New technology is allowing experts from across the world to care for patients in Dickson and the surrounding areas, and it can be done in only a matter of seconds.
The new telemedicine program at TriStar medical centers will help save lives. The program virtually delivers experts to a patient's bedside. All the on-call expert needs is a wireless connection. With the portable equipment, experts from across the world can zoom in on the patient's features, check X-rays, ask questions and even conduct physical exams.
"It does not replace services, but provides resources that are not always available in rural areas” says Horizon Medical Center Director of Emergency Services, Gabe Triplett, RN. “ Telemedicine enhances availability and access to health care specialists.”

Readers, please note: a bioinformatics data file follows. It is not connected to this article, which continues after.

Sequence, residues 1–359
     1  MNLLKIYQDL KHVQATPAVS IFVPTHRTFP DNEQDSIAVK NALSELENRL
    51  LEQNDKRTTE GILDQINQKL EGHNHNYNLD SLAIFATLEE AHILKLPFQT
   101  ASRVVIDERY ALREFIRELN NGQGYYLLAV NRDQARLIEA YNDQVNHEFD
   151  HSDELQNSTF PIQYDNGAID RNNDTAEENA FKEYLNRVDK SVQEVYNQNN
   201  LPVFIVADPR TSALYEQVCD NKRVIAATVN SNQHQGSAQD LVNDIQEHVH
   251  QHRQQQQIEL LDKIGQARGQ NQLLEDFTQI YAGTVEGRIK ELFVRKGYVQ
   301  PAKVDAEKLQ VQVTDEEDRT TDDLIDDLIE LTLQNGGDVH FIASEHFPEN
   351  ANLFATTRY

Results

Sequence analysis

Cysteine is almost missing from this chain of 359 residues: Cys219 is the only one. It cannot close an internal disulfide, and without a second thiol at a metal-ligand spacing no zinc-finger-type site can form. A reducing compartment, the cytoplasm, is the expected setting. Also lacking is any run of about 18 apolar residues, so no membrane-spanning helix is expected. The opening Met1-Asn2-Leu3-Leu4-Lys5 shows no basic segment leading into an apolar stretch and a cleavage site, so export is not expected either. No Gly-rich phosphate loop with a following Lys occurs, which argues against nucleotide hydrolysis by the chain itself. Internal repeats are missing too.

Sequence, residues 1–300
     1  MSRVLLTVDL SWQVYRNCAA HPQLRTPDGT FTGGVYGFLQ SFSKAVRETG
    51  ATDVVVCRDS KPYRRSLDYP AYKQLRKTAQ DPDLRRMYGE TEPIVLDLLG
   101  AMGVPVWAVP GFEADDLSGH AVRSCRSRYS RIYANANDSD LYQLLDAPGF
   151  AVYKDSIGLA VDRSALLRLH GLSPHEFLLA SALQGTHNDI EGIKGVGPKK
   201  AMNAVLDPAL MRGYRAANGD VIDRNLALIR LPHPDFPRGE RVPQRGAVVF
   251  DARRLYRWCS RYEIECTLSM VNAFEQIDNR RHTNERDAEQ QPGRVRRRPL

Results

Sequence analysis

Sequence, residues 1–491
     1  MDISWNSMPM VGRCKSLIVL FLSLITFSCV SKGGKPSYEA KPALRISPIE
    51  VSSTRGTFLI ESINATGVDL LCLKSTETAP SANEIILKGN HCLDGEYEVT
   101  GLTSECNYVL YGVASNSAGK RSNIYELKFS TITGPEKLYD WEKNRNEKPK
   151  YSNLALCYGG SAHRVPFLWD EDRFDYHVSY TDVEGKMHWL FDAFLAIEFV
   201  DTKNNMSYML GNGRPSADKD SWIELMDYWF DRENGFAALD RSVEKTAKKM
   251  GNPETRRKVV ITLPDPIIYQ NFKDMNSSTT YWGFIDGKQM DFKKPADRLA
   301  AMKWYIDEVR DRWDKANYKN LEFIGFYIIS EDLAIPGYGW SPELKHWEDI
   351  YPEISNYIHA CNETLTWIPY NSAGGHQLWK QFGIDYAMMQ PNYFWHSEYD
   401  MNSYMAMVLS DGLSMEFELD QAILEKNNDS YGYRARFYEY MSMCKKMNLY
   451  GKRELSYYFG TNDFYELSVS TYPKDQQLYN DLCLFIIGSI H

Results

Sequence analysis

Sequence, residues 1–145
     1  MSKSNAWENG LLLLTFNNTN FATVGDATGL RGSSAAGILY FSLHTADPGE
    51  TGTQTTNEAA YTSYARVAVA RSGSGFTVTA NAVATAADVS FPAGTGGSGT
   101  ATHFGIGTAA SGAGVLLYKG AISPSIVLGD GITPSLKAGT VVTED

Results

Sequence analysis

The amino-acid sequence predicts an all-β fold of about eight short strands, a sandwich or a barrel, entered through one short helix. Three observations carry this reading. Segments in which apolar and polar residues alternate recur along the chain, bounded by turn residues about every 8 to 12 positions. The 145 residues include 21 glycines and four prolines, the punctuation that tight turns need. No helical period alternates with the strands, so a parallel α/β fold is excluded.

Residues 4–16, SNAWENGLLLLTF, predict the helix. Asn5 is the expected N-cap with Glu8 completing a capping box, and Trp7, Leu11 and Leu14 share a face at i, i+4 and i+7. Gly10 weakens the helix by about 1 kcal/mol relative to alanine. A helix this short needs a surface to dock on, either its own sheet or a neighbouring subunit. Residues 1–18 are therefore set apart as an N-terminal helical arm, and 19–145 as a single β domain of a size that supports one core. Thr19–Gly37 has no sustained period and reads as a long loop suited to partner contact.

Triplett says telemedicine involves a mobile cart that can be taken to the patient's bedside. The equipment will allow doctors, nurses and other health professionals in remote outposts to consult with specialists about a patient's condition. Initially, this new technology will be used to treat strokes but will eventually be used to treat other conditions.
Tennessee ranks No. 1 nationally for age-adjusted deaths per 100,000 population from stroke, according to most recent data tracked by the American Heart Association. In 2007, there were 3,421 deaths here from stroke, according to the Centers for Disease Control and Prevention.
The TriStar Telemedicine Network is the largest telemedicine network in Middle Tennessee for strokes. The equipment is installed at Centennial, Skyline, Southern Hills, StoneCrest and Horizon medical centers. Three more hospitals will have the program this fall.
After installing the new system at Centennial, Horizon, Southern Hills, StoneCrest and Skyline medical centers here, TriStar plans to expand the rollout to all 19 of its hospitals. After that, non-HCA hospitals in rural communities would be targeted.